The hardest prayer you will ever pray. Jesus asked us to use these words - at least 4 reasons why we find it difficult to do so.
1. It means giving up control of your own life
God has a will (or desire) for your life. But you also have a will (or desire) for your life. When you pray, “Your will be done,” you are asking that His will take precedence over yours. Either God calls the shots or you call the shots. Either He is in control or you are in control. It’s not easy to pray like that because it means giving up control of your own life.
“O God, I give you the right to change my agenda any time - you don’t have to inform me in advance. Amen.” That’s the kind of prayer God answers because it’s based on the truth that God is God and He has the absolute right to do whatever He wants. Many of us are unhappy because we’re fighting God at the point of His sovereignty. We must surrender our agenda to His control.
2. We often doubt that God wants the best for us
The first reason touches our will, the second one touches our mind. The first reason is practical; the second is theological. Often we’re scared that if we give God control of our lives, He’ll mess it up. We wouldn’t say it that way, but that’s how we really feel.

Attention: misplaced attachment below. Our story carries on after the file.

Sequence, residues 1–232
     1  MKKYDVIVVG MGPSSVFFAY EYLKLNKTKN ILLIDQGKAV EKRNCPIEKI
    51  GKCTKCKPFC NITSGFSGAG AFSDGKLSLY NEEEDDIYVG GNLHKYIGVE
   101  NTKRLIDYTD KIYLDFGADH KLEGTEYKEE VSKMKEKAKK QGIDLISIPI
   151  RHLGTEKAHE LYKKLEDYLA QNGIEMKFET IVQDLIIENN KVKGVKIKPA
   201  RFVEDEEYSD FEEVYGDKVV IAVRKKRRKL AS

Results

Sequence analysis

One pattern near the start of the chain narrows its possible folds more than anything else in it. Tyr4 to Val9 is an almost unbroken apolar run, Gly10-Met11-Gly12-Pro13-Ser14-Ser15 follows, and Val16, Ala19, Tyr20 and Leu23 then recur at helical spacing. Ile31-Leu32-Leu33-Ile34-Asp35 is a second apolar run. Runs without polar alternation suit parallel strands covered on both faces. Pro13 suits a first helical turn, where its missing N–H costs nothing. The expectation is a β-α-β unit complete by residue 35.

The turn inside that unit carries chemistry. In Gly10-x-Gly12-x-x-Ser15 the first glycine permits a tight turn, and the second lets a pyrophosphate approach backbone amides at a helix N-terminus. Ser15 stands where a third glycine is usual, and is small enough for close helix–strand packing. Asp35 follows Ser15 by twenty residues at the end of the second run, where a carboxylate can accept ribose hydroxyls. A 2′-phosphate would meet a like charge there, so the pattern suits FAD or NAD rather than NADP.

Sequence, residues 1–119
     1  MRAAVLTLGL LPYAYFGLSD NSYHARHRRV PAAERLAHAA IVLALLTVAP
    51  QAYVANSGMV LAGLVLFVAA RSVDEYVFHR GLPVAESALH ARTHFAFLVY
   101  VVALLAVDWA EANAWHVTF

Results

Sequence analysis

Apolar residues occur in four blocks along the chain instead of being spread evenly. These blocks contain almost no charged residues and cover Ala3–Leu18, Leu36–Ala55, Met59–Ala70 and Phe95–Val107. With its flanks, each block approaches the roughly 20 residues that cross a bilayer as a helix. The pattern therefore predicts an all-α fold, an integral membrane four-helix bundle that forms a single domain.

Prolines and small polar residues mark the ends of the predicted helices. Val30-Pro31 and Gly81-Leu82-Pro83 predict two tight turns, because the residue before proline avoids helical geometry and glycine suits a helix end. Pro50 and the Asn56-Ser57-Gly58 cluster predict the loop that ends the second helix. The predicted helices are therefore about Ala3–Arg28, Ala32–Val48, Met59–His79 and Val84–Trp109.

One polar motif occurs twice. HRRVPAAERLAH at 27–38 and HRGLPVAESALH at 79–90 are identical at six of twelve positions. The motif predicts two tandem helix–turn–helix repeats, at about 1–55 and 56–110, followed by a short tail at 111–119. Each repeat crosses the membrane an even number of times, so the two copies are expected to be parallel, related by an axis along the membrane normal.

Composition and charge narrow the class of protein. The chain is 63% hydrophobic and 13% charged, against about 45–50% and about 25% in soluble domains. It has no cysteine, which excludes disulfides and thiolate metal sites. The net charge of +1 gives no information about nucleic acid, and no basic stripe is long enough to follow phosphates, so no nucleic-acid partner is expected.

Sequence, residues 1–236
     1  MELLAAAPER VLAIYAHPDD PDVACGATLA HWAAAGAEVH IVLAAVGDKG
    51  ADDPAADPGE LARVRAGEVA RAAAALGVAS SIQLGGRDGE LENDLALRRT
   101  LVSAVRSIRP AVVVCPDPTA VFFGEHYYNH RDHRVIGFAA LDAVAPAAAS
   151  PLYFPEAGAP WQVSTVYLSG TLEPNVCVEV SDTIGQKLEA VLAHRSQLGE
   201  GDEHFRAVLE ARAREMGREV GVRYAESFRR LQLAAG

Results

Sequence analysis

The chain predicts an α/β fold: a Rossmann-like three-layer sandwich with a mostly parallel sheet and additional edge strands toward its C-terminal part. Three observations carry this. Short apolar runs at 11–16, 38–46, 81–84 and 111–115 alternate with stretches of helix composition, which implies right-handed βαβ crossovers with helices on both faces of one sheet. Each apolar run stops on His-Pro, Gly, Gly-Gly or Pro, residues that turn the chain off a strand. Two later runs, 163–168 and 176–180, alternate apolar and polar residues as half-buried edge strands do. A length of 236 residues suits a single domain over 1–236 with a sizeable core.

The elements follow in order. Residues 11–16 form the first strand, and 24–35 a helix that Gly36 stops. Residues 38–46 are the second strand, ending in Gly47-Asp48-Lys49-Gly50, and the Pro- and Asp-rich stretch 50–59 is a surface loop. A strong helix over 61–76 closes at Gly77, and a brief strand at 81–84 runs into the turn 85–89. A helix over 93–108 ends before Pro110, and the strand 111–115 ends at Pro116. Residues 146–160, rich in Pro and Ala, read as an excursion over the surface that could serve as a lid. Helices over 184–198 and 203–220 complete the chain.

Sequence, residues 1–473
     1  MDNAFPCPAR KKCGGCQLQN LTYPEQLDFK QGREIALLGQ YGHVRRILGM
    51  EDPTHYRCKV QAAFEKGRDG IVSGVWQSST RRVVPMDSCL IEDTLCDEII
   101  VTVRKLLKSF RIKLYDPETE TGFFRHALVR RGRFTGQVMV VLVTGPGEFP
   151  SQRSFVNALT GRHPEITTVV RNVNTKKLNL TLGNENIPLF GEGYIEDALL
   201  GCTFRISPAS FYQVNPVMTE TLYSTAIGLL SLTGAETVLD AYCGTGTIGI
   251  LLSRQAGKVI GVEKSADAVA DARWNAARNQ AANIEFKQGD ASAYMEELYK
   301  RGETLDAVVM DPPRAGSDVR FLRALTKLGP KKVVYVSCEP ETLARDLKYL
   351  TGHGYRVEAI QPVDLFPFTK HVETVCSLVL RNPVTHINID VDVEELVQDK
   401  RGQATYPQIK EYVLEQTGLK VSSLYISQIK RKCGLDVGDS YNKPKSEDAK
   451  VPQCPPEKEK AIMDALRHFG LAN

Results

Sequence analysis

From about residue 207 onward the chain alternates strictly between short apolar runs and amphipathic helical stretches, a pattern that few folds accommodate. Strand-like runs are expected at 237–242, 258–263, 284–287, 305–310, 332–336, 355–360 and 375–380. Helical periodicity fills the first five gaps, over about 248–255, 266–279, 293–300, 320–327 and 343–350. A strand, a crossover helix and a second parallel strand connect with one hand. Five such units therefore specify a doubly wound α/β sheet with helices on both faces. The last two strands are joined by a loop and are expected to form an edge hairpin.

We’ve all known the frustration of unanswered prayer. Perhaps it was for something small – like a new dress, or a puppy, or you asked God to open the door to go to a certain university. Or perhaps it was for something big – prayer at the bedside of a loved one, prayer for a wayward child, prayer for a failing marriage.
Does God Know My Name?
Our biggest problem is not, “is there a God?” Virtually everyone agrees that the answer is yes. Even people who never come to church and people who consider themselves irreligious would answer yes. Here is the bigger question: “Is there a God in heaven who cares about me?” A God who is there – yes. A God who cares for me – maybe not.
If there is a God, surely He cares about me. If He doesn’t care for me, who cares whether there’s a God or not? The question about God’s personal concern is often asked by those who have known deep pain and suffering. For them the question is very personal: “if God cares for me, how could He let my son die? Where was God when my husband lost his job? Why didn’t God keep that man from shooting my father?” These are not abstract questions – they come from the depths of horrible despair.
How do you pray, “Your will be done” when you aren’t sure that God really cares for you? If you really knew that He had your best interests at heart, you might dare to pray that way. But as long as you doubt, that prayer will be almost impossible.